On my first internship I was immediately referred to the pastry chef for training in a separate kitchen from the main one. The pastry chef was delighted to have company in his usually segregated kitchen and I was relieved to not be joining a much feared “boys’ club” environment. I meekly pointed out in my mid- apprenticeship review with my college supervisor and head chef that I had no interest in pastry and perhaps I could be involved in the workings of the main kitchen. I was then entrusted to the sous-chef, a pregnant Polish woman who was strict but kind and taught me more in one month than I’d learned in all of my first year in college. The chef directly under her, a male chef, barked orders at me daily and refused to give me measurements for recipes whilst scoffing at my inadequacies.

In my third year I interned at Fallon & Byrne and it was here that I fell back in love with cooking; I had already begun plotting a career as a writer, but this place drew me toward a career as a chef. The hierarchy of the restaurant was equally divided between males and females. The head chef was only 30 and had risen to his position not only through years of experience, but also through education. He had returned to Cathal Brugha Street a couple of years after completing his chef training in order to study management and it was with his combined skills he achieved head-chef status. His sous-chef was a very pregnant and very capable woman of the same age. They had worked together at a hotel and when he graduated to the position of head chef at Fallon & Byrne he took her with him, along with two other female chef-de-parties. Below the head- and sous-chef, male chef-de-parties outnumbered females three to two, but the numbers were evened out with the addition of a pastry chef and occasional chef-de-partie. Another intern from Cathal Brugha Street was female and, lastly, the recently promoted kitchen porter was a male commis-chef. The female chefs were both feared and respected, though they rarely raised their voices. They made it clear they had standards and these were adhered to even when they were not present. I continued to work for them throughout my final year in college and was never put in a position where I felt uncomfortable or undervalued because of my gender and the kitchen environment maintained constant professionalism.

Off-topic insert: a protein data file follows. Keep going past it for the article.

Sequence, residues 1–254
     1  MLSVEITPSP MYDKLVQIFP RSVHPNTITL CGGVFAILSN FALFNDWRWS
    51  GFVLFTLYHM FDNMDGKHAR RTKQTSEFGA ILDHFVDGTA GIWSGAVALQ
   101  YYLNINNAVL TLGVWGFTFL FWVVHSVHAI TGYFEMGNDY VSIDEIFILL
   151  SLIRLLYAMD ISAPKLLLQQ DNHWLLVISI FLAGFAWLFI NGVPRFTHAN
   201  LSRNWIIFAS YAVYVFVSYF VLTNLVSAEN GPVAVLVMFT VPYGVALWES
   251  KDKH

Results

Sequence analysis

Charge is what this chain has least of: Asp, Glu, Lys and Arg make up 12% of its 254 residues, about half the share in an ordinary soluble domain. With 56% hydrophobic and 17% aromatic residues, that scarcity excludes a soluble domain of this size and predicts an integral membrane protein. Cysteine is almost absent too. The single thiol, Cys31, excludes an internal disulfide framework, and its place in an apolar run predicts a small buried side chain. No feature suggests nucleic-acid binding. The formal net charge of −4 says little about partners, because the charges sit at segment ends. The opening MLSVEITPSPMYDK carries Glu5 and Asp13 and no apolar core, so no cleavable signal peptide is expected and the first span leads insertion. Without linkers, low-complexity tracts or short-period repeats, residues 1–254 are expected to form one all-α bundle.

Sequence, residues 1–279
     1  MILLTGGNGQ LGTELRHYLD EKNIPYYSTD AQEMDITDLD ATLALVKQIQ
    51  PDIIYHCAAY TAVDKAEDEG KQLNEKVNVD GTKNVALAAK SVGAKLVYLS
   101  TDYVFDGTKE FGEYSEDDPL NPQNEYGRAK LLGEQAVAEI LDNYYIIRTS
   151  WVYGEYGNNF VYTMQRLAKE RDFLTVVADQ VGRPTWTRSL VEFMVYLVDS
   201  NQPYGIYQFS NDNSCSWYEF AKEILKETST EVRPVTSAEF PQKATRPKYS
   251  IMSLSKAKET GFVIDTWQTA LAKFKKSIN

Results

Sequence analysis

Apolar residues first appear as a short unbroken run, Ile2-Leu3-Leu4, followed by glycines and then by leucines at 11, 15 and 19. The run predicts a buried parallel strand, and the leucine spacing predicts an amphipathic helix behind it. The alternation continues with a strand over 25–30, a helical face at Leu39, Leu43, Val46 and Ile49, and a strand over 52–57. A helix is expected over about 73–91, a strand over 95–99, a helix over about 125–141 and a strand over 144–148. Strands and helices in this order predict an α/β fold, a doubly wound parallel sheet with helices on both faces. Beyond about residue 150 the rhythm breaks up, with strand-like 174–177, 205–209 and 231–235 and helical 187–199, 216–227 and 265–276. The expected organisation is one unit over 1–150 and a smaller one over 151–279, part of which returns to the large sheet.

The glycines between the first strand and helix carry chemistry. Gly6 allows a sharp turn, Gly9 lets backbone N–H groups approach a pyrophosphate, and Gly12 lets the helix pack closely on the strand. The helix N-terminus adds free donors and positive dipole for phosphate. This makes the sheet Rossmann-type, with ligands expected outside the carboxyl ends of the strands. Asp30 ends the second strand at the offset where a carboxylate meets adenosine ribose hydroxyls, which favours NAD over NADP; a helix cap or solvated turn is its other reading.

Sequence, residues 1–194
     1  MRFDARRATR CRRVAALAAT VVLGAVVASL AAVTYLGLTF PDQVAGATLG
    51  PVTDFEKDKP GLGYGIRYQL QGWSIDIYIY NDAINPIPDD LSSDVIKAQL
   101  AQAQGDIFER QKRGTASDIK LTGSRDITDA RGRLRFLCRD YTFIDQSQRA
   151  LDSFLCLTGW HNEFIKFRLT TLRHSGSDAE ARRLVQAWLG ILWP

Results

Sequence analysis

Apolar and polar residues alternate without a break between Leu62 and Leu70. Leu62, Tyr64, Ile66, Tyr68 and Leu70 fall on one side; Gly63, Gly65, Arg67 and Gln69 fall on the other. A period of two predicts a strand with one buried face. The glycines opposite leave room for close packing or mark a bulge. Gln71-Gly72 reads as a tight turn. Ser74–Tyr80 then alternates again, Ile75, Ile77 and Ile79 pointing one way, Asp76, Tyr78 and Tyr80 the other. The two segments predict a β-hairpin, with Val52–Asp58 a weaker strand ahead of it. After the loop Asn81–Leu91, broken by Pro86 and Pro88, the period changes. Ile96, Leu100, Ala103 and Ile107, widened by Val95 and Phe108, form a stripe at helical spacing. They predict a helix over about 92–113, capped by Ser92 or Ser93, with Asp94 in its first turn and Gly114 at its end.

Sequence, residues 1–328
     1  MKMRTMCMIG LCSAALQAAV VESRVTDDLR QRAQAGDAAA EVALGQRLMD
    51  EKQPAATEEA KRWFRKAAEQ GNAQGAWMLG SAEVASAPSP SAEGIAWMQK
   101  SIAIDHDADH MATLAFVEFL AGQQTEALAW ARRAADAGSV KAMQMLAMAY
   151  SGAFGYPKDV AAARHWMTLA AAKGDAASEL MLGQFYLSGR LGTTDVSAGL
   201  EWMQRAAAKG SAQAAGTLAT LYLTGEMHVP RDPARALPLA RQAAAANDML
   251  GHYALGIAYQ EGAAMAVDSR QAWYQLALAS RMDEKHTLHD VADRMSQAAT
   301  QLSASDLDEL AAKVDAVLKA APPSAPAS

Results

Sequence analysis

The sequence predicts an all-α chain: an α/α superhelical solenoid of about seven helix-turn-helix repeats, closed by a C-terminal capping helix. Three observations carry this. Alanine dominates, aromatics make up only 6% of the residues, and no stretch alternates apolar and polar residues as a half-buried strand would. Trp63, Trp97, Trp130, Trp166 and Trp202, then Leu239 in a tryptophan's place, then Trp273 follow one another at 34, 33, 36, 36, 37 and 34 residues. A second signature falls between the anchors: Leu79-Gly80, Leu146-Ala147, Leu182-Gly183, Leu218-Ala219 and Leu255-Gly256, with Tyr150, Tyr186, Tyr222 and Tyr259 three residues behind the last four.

My experiences in a professional kitchen highlighted many of the issues Mary Farrell raises about attitudes to female chefs. I was directed towards pastry. Male chefs did, sometimes, try to undermine and bully me and certainly did succeed in clouding my judgement for a time. Yet the main excuse, as was given to Mary, of females stepping back for family life was unfounded in my experiences, I had witnessed female chefs balancing family life and their careers whilst still providing positive role models.

But I was never content to chop and peel for endless hours, or endure burns, cuts and scalds on a regular basis in the hope of eventually obtaining a senior role in a kitchen after spending four years completing my degree. Perhaps therein lies the answer: education creates aspirations beyond manual labour for minimal reward. Many male chefs rise through the ranks from porter to head chef. The male students who dropped out of Culinary Arts continued in the profession, some of them very successfully. Many of my female peers continued their education at Masters and PhD level in areas of product development and education, the latter now delivering the lectures they once attended.

The glass ceiling of female seniority in the professional kitchen may remain unbroken, for now, simply because female chefs may have their eyes on a bigger prize.

By Aoife Lawless

Turning up noses: Food Snobbery

Make no mistake, I’m not the most health conscious person around when it comes to food. I eat what I like and tend to avoid what I don’t.

But with obesity affecting more people than ever before, especially children, there are fewer and fewer reasons left to justify bad diets.

Sadly, even the most prudent of food shoppers will struggle to feed themselves and others on a budget. It’s a well-known fact that junk food costs less because it’s cheaper to produce.

Worse still, it’s that time of year where you have to pre-order a turkey just to avoid disappointment and selection boxes are stacked to high heavens.

I did cookery as part of my Transition Year programme, which was a new but enjoyable experience. If I ever felt like picking it up again, I would certainly be wary of the ‘experts’.